Shows, museums and tours

Tombstone shouldn't be missed O.K.Corral Gunfight Reenactment (the re-enactment of the aforementioned shooting) at 326 E. Allen St. with the possibility to choose between three times: at 11, 13 and 15. In the same complex is theHistorama Theater inside which you can learn the history of Tombstone from the times of Geronimo's Apaches to modern times and the price of which is included in that of the ticket for the OKCorral attraction. In the same area there are also five museums open from 9am to 17pm. The Tombstone Epitaph (11 S. 5th Street) is the museum of Arizona's oldest newspaper that is still published today. Here you can find the article about the famous shooting and you can see how the newspaper was printed in those days.



Those interested in memorabilia related to the world of wild west gunfighters should visit the museum Gunfighter hall of fame (4th Toughnut St.). Among the exhibits are some that the museum owner bought from John Wayne and Clint Eastwood.

Tombstone 1878 underground tours (501 Toughnut street) is a journey back in time to a mine purchased in 1878 and started up the following year. Day tours offer visitors the opportunity to see a real silver mine inside. On this adventure you go down more than thirty meters into the Goodenough mine and observe the equipment that miners were equipped with to extract silver more than a century ago. The 45-minute tour also includes an explanation of the mining process, the history of the mine, and a circular walking trail of just under 2 kilometers.

Those who still have time available can go to Old Tombstone western theme park (339 S. 4th street). In an 1880s set, cowboys put on an electrifying show full of thrills, thrills, laughter, stunts and of course, gunfights! There is also a shooting range and mini golf.

Tombstone can be appreciated in various ways; from the classic walk along the city streets, to historical tours in stagecoach or horse-drawn carriages but for the more adventurous there are tours that tell legends and ghost stories. Then there is a famous event, called Helldorado days, which is held every year on the third weekend of October to commemorate the date of the OKCorral. To entertain the spectators there are re-enactments of firefights, street performances and parties for the whole family. The impressive annual Helldorado parade takes place on Sundays at 11am.

Two curiosities about Tombstone

The first is that here, imported from Scotland in 1885, grows the largest rose bush in the world, impressive for its size: 743 square meters. The second concerns the meaning of the name Tombstone, which means tombstone, which is well associated with the consequences of the various shootings. Given its notoriety and its evident western style, some films have been shot here. We mention a couple; 1957 "Gunfight at the OK Corral" with Burt Lancaster and Kirk Douglas and 1993 "Tombstone" with Kurt Russell and Val Kilmer. Even the world of music has dedicated a song to her with the melody of Bob Dylan entitled "Tombstone blues".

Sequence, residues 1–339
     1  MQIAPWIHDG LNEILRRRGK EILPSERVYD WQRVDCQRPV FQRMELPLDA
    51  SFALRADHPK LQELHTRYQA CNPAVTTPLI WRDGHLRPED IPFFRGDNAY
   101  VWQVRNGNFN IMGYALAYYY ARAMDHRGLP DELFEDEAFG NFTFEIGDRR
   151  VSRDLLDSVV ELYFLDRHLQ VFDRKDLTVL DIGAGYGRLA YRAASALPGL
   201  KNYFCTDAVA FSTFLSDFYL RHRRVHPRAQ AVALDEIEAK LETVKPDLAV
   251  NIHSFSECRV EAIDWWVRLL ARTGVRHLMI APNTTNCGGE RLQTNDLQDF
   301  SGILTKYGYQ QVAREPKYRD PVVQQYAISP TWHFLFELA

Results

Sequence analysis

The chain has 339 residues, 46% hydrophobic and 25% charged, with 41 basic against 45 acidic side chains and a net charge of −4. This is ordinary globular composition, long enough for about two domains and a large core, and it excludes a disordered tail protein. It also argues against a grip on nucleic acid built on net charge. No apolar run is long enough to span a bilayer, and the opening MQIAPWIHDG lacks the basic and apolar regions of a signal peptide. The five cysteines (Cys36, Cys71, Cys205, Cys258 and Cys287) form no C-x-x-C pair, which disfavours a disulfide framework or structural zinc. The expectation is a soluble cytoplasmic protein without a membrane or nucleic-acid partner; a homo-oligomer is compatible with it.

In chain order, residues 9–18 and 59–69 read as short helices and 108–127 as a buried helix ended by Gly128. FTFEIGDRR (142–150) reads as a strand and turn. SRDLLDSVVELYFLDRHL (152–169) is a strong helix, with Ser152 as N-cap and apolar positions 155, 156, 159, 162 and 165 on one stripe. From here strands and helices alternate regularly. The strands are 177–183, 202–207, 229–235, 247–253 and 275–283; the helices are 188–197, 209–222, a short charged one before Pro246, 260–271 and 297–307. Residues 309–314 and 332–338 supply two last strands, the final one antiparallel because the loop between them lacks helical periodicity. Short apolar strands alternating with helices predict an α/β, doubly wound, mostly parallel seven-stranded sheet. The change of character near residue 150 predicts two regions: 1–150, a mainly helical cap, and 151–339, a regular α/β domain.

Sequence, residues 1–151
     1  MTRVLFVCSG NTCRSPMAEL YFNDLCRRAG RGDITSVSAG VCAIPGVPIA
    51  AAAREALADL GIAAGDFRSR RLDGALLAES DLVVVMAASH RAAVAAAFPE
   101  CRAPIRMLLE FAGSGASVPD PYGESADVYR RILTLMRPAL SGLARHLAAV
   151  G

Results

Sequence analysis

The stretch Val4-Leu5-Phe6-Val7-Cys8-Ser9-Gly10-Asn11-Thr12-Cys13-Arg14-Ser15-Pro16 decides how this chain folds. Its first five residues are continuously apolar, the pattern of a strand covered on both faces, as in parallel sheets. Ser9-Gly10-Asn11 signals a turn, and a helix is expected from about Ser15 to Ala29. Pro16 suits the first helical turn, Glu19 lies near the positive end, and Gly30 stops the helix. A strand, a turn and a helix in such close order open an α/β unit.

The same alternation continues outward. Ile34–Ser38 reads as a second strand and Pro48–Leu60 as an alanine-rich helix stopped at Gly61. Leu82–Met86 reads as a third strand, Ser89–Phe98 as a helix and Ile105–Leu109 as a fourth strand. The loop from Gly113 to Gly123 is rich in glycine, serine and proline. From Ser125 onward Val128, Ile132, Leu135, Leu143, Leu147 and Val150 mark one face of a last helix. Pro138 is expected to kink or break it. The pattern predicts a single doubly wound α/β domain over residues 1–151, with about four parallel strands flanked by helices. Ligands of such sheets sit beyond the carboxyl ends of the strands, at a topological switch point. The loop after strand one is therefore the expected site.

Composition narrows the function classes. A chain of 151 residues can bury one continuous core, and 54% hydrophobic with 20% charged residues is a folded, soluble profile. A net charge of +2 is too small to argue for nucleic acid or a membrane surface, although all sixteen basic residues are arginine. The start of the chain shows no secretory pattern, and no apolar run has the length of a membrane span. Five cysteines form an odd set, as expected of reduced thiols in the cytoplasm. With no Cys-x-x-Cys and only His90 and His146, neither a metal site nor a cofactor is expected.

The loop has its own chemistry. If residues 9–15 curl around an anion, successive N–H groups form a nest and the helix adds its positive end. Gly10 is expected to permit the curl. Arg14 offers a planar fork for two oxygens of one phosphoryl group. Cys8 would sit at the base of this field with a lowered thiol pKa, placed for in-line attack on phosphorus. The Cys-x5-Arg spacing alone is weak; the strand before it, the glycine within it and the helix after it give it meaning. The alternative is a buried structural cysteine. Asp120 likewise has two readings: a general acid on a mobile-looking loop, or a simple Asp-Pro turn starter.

Where to sleep in Tombstone?

Despite the small size of the town, there are still possibilities to sleep in the village. T. Miller Tombstone Mercantile & hotel (530 E. Allen St.) as well as 4 lovely deluxe rooms offers a small restaurant and even a shop. For a grand hotel one mile from the center of the historic district, book at the Tombstone Grand hotel (580 W. Randolph way) with its spectacular desert views and scenic sunsets. The rooms are equipped with modern amenities. It is an ideal location for weddings.

A ranch cannot be missing; three miles from the town we recommend you to stay overnight at Tombstone Monument ranch (895 West Monument road) to feel fully immersed in the epic of the far west, with its typical buildings, themed rooms, the saloon, the rides, the lasso and shooting range, evening entertainment and its great extension in the heart of Cochise County.

All accommodations available in Tombstone

Nearby airports

This area is connected to the Tucson and Phoenix airports. The closest is Tucson, about 1 hours from Tombstone via I-10 west and AZ-80 west, while about two and a half hours from Tombstone via I-10 west. Welcome to Arizona! Fascinating land of enchanting natural spectacles, history, native Indians and pretty towns. This is just a little taste. Turn and discover every corner of the state. Don't forget to visit its most famous jewel, the Grand Canyon; it's not for nothing that Arizona is called the Grand Canyon state.